Pharmacological Treatment Multiple Personality Essay

… Group therapy helps them to validate their feelings. As a consequence, there is an increase and improvement in their interpersonal and communal competency. Group therapy is especially helpful for patients who were being sexually abused so that they may heal themselves through learning and cognitive training. Cognitive restructuring helps patients to lessen their propensity to dissociation. Moreover, Psychodynamic psychotherapy is another treatment approach that is used for gaining insight into the gist of the symptoms associated with dissociation. It is useful for helping patients to feel less conscientious and guilty for the suffering (Kreidler, Zupancic, Bell, & Longo, 2000).

People with dissociative disorders are traumatized by the past incidents. This is the reason why they come to therapy hurt and terrified. They are sure of…. [read more]

Diagnostic Statistical Manual Disorders Essay

… Substance induced mood disorders are also very common, showing the biological nature of many mood disorders. Substance abuse can cause limited serotonin and other pleasure producers in the brain, which then often lead the individual into states of depression because of the decreased feelings they are experiencing. Most often, substance abuse is tied to Major Depression. The emotional state of the individual suffering from a mood disorder is often severely impacted, especially in cases of depression. One can become so depressed that suicide is an increased risk, showing the depth of the emotional despair the individual is currently incased within.

Dissociative Disorders

Dissociative disorders often occur in situations where the individual's cognitive functioning is fragmented, causing a disruption in awareness, perception, and self understanding. The…. [read more]

DSM IV Disorders DSM IV-TR Essay

… Pam was married to a man of his choice but their relationship lack strong emotional ties. Her husband remained busy with his work and Pam had to look after household and children. Pam is concerned with the fact that her family has to move to a new area every now and then due to her husband's work. She faces difficulties in socializing and making friends; therefore, she is reluctant in following the pattern of continuously moving, as she is contented with her current lifestyle.

Pam's case can be discussed through various components. The biological components that are associated with Pam's hip pain complaints may be linked to her family history, as her mother suffers from several gynecological problems that could have contributed to the development…. [read more]

Dissociative Disorders Essay

… Dissociative disorders represent a collection of various disorders that have an element of psychological disruption of some kind in common which are characterized by a disconnection or break from reality. These disorders can include disruptions in awareness, memory, identity, or perceptions among others. Most of these disorders develop out of some kind of acute psychological trauma. The total population of people with dissociative disorders is estimated at 2%, with women being more likely than men to be diagnosed and almost half of adults in the United States experience at least one depersonalization/derealization episode in their lives, with only 2% meeting the full criteria for chronic episodes (National Alliance on Mental Illness, N.d.). This will provide a brief introduction to three of the specific disorders included…. [read more]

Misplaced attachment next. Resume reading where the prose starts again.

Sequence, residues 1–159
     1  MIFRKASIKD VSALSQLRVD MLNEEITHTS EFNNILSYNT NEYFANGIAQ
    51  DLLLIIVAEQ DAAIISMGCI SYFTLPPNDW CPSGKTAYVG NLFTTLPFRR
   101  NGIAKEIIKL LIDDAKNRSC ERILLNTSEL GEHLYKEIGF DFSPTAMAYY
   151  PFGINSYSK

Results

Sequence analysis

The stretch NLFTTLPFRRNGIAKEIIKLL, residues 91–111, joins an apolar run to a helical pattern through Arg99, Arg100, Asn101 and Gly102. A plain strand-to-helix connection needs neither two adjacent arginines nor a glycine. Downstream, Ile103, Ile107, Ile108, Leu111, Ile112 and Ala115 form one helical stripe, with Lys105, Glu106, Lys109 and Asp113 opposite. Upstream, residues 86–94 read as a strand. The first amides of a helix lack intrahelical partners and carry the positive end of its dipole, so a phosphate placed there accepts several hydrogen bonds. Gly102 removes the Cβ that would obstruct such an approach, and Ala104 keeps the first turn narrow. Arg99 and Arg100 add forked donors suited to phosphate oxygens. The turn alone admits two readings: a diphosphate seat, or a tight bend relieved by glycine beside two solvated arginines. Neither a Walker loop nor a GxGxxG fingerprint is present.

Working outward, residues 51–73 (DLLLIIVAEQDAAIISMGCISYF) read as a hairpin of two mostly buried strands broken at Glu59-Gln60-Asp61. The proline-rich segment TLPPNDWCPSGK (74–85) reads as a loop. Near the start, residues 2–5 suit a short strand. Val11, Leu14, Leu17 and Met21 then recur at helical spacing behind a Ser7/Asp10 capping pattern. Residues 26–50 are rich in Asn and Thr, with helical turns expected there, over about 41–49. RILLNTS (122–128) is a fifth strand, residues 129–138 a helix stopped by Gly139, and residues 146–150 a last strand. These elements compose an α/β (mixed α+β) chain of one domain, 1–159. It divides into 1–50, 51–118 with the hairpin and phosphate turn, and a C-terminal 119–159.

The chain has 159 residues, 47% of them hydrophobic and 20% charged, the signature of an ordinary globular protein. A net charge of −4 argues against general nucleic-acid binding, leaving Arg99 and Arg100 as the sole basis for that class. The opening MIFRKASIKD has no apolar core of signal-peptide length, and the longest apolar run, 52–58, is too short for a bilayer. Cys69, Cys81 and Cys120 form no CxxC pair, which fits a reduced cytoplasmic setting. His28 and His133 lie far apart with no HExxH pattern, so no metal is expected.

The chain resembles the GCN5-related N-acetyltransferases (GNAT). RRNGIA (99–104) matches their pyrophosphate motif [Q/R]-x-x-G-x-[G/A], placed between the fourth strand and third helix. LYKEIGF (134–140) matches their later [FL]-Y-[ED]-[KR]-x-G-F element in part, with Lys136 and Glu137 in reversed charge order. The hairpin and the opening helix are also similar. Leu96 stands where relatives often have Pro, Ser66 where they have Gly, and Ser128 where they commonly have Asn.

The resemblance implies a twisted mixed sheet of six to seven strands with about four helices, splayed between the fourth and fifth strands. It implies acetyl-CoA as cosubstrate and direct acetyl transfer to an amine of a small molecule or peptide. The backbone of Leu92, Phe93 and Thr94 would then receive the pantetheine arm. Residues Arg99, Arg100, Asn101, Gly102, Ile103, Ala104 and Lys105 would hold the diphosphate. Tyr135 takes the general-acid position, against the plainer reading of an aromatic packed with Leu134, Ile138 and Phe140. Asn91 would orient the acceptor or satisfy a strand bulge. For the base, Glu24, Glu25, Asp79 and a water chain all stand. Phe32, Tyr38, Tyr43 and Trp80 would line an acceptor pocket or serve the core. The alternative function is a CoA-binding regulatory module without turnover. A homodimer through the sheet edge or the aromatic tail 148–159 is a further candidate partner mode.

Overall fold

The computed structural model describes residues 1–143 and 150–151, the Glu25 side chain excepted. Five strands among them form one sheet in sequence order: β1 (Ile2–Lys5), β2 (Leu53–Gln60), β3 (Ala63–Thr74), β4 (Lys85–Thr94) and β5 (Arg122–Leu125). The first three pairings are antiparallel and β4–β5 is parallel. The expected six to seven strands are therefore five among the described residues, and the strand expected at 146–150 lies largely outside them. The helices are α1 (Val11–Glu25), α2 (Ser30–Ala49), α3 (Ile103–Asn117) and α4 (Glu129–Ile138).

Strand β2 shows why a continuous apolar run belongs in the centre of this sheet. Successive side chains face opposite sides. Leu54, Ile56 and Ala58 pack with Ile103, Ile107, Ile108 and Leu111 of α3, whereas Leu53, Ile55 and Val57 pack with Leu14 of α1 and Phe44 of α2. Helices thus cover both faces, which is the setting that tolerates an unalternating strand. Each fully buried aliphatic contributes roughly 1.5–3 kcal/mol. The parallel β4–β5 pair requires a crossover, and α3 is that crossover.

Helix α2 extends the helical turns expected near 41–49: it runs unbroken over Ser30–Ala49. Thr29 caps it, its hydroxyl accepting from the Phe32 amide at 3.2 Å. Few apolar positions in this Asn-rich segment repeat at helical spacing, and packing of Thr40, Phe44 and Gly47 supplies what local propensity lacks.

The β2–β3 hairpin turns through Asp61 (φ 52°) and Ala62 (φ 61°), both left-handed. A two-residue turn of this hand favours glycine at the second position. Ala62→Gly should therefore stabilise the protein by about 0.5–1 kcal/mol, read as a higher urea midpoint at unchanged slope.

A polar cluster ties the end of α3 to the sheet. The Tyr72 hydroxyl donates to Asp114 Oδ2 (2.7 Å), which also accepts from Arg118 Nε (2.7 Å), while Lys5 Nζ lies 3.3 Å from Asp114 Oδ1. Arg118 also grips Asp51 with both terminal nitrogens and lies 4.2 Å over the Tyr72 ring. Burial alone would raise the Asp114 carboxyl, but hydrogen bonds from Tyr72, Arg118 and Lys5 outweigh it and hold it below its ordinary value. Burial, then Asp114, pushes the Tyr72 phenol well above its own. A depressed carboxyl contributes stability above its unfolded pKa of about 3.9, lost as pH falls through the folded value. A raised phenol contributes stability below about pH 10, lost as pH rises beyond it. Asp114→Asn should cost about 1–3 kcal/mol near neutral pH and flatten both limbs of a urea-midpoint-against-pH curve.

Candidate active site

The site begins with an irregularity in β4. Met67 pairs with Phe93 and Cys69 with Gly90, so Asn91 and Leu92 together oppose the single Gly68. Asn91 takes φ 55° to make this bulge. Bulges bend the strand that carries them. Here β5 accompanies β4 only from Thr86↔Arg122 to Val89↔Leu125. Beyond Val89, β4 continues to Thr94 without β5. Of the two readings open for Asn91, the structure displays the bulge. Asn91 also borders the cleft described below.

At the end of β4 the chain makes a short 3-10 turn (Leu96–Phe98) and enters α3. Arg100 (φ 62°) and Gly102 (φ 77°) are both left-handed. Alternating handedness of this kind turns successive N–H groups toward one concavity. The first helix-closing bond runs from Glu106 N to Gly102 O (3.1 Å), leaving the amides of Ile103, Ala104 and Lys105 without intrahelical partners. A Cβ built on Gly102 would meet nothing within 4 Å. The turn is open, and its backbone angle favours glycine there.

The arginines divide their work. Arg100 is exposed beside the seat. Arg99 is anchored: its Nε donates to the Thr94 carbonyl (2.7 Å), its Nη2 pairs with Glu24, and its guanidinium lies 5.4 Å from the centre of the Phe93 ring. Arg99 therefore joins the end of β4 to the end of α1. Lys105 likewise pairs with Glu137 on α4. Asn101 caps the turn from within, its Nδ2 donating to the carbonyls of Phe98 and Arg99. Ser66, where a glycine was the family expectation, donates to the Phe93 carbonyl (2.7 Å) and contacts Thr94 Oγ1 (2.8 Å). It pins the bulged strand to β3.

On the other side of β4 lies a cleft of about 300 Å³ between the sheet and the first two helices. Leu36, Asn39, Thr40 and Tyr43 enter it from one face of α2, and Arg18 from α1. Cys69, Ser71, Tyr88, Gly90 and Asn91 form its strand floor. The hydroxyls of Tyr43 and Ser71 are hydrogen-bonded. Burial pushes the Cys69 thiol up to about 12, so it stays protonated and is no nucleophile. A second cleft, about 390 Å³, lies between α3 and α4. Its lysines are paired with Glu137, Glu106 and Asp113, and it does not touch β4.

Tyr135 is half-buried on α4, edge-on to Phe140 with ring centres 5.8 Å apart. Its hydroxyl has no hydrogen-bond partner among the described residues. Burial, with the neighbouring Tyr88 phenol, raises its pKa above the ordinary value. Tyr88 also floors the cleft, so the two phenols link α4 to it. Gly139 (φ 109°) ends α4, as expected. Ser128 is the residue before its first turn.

Dissociative Identity Disorder Essay

… In contrast to Sybil, Chris Sizemore, or "Eve," represents a validated case of DID. The disturbing events that triggered the first dissociative episode are known to the patient and diagnosis depended first on the presence of amnesia (Sizemore and Huber). One to four personalities existed at a time and often developed in response to an environmental trigger. Sizemore experienced most of these personalities as completely distinct, as did everyone around her. The longest a personality existed was 12 years, and the shortest 6 weeks.

Works Cited

Lynn, Steven J. And Deming, Amanda. "Review: The "Sybil Tapes": Exposing the Myth of Dissociative Disorder." Theory Psychology 20.2 (2010): 289-292.

Rieber, Robert W., Takooshian, Harold, and Iglesias, Humberto. "The Case of Sybil in the Teaching of Psychology." Journal…. [read more]

Conversion Disorders for Whom Research Paper

… Conversion disorders for whom are they most common? (i.e. gender, age): More common in females (2-10: 1 female: male ratio), less educated, lower SES, racial factors appear unimportant. 2. Malingering: Intentionally presenting with symptoms of an illness or disorder when in fact there is no normal so disorder present. This presentation is done for primary or secondary gain.

Munchausen syndrome by proxy. A form of abuse where a person induces physical symptoms or an illness of another person (usually a child) in order to receive attention.

Dysmorphobia. Also note his body dysmorphic disorder, a disorder where the person continually finds fault with their physical appearance and often has unnecessary surgeries to correct it.